Ischaemic strokes – how to recognize and treat them

by Expat Life
older woman feeling heartache

In order to tackle cardiovascular complications that cause ischaemic strokes, professionals at Sukumvit Hospital use cutting-edge technology to ensure holistic treatment. A recent case described how a patient aged 60 years old had been suffering from cardiac arrhythmias (irregular heart beat) for ten years, but one day when he was at home, he experienced a sudden onset of dizziness and a sharp stabbing pain in the head that forced him to sit down to avoid collapsing. Luckily, in less than an hour, his wife returned home and quickly rushed him to Sukumvit Hospital. When the patient arrived at the hospital he was experiencing weakness and numbness in his limbs.

After an initial examination by medical professionals, he was put through magnetic resonance imaging (MRI) to scan the brain. From the results, it became evident that the patient had blood clots in his brain that caused an ischaemic stroke. Doctors then had to swiftly plan how to treat both the cardiac arrhythmia and stroke, simultaneously. This particular patient suffered from a heart rate that was sometimes too fast and sometimes too slow, fluctuating between atrial fibrillation and bradycardia. An arrhythmia can result in blood not being properly pumped out of the heart, leaving it to pool and form a clot that can travel to the brain and cause a stroke.

The importance of multidisciplinary treatment:

Moving forward, two doctors at Sukumvit Hospital teamed up, using their comprehensive knowledge about neurology to successfully diagnose and treat the patient. The first, Dr. Jackree Thanyanopporn is a specialist in the field of interventional neuroradiology, which describes the subspecialty of radiology that focuses on diagnosing abnormalities using neuroimaging techniques. After performing initial blood work and scans to conclude the patient had blood clots, Dr. Jackree swiftly began treatment. The first step was to give the patient recombinant tissue plasminogen activator (tPA), a medicine that should dissolve clots within an hour of being administered. However, after 45 minutes of receiving the medication, the patient’s symptoms began to worsen and doctors feared that the medicine might have increased internal bleeding.

Dr. Jackree

Further tests were then carried out so that doctors could ensure the brain was still reparable. To do this, doctors use either computed tomography (CT scan) or an MRI. The additional scan showed that less than 20% of the brain was damaged, however, the blood vessels were still clogged. An alternative treatment was then put in place to retrieve the clot in a non-invasive manner. To do this, surgeons used a process called mechanical thrombectomy, which involves making a small incision to gain access to the arterial tree, navigating a catheter up to vessels in the brain, and then using a suction and/or stent-like device to remove the clot from the body. Considering Dr. Jackree performed the clot retrieval as soon as possible, the patient was in the surgery room for less than three hours and his recovery outlook looked positive. Moreover, this method of removing the clot has several benefits as there is less post-stroke disability and improved functional independence after the crucial 90 day recovery period. The case also reiterated the importance of a multidisciplinary approach to treatment, where the knowledge from various doctors is combined with up-to-date technology to guarantee success.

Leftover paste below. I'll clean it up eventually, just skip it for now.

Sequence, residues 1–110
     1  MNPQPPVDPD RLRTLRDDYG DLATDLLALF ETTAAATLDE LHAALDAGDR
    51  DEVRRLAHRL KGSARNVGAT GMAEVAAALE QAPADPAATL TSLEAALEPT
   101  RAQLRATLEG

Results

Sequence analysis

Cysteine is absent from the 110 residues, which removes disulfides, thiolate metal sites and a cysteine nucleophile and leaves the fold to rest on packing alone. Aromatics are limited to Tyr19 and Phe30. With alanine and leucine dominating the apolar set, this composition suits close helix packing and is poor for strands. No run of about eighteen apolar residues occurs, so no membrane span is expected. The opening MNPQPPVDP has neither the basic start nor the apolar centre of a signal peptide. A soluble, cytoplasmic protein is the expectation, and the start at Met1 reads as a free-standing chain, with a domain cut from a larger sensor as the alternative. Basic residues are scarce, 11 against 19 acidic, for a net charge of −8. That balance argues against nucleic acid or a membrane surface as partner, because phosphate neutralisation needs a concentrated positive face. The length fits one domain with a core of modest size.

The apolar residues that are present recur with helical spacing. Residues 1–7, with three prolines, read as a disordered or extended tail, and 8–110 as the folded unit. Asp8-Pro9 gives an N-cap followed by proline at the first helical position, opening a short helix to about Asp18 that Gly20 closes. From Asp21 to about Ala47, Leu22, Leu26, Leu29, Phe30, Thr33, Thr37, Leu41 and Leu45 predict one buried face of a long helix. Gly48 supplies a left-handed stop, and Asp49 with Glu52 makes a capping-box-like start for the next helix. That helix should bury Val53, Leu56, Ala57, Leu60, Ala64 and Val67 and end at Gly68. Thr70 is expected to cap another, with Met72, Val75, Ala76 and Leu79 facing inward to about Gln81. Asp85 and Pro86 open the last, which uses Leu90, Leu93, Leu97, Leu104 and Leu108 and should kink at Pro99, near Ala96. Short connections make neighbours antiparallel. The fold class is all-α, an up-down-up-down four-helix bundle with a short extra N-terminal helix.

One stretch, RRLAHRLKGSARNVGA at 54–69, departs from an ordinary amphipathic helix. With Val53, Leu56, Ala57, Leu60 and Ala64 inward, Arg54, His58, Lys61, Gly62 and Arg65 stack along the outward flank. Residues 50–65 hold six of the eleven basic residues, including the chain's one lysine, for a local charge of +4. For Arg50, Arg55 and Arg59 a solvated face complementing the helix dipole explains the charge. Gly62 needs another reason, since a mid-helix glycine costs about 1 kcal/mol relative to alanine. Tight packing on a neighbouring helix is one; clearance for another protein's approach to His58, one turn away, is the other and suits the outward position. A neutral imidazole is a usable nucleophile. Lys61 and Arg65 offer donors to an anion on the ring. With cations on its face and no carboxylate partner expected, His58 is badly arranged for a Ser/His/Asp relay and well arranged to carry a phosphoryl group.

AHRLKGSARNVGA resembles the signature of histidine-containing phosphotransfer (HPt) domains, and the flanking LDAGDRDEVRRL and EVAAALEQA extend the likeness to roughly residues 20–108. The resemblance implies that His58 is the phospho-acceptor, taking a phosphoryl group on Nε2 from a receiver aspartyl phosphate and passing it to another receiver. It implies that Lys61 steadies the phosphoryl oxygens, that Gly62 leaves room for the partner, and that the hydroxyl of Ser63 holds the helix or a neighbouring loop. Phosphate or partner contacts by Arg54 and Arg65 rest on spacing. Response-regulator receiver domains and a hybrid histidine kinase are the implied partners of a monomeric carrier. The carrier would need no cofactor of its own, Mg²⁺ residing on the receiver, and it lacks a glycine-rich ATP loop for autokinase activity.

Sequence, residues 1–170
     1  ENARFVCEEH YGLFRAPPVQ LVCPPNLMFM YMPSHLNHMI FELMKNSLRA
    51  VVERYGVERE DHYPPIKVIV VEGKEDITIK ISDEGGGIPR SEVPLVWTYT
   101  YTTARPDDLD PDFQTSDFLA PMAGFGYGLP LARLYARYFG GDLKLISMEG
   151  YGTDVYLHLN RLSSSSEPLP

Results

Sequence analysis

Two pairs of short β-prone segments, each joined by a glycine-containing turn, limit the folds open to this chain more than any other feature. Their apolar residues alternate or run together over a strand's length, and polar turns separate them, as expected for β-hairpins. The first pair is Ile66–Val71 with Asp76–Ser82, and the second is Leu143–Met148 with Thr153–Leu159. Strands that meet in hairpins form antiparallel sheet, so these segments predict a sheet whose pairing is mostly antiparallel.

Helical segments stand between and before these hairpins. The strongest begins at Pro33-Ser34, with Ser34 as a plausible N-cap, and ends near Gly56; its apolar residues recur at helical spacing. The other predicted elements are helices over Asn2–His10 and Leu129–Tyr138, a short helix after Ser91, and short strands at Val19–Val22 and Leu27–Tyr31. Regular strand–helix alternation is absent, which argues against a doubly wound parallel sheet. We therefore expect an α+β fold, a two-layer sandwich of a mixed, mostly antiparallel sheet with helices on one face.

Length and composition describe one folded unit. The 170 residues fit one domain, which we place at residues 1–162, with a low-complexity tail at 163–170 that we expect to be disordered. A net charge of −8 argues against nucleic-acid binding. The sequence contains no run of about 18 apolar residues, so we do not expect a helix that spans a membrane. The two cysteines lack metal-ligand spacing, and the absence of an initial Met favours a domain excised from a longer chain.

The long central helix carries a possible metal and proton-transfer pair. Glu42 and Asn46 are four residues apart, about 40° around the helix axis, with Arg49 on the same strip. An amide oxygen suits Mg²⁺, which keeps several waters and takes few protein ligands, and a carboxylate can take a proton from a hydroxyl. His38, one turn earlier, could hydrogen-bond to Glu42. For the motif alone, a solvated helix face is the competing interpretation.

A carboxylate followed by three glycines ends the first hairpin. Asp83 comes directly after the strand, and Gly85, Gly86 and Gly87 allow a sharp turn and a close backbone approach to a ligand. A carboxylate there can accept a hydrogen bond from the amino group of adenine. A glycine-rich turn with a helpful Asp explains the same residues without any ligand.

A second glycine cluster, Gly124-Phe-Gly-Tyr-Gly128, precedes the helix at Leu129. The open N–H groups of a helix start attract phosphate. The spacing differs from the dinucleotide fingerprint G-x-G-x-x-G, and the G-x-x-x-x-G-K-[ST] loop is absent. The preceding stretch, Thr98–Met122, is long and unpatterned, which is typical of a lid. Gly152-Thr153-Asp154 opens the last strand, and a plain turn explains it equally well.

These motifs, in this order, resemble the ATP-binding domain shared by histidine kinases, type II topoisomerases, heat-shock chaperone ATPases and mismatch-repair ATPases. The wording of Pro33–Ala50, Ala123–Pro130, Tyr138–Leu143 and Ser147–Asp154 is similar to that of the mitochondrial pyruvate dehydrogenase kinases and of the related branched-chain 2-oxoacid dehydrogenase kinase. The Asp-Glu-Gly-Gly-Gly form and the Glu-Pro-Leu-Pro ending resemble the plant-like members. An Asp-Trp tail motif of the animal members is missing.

Rehabilitation is crucial:
Dr. Juksanee

Another doctor who treated the patient was Dr. Juksanee Thanyanopporn, a specialist in neurology. She explains that one a patient is discharged from the ICU, the individual is then moved to one of the recovery rooms where, if they are dealing with any abnormalities like weakness or unclear speech, they can use various forms of rehabilitation to speed up the recovery process. Examples of these include physical therapy, speech therapy and occupational therapy, which helps patients improve their sensory and motor abilities. Moreover, because the cause of a stroke differs from patient to patient, it is critical to understand the patient’s condition fully before curating a rehabilitation programme. Ischaemic strokes happen as a result of various factors, including high blood pressure, diabetes and smoking, which can lead to the development of heart conditions and consequently, blood clots. Dr. Juksanee also discussed the importance of supervision during recovery, stating that ischaemic stroke patients are often at risk of it happening again.

Therefore, from research about how individuals are prone to relapses, a lot of successful recovery really depends on the aftercare a patient receives during the first three months, as the majority of neurological recovery happens during this period.

Sukumvit Hospital which began its operations in 1977, recently completed a major makeover. Not only have they built a new building, but the entire team of doctors, specialists, nurses and assistants have all been trained with the singular aim of helping their patients maintain optimum health. Then there are the equipment, state-of-the-art MRIs, Cath labs and myriad of others so that their specialists have the best available tools for diagnosis and treatment. Conveniently located on Sukhumvit Road with English speaking staff, Sukumvit Hospital is now ready for any emergencies or treatments.

Sukumvit Hospital
1411 Sukhumvit Road (Ekkamai BTS) Phrakanong Nua, Wattana, Bangkok, Thailand 10110 Tel: 02 391 0011  

Website: www.sukumvithospital.com  Facebook: @sukumvithospital

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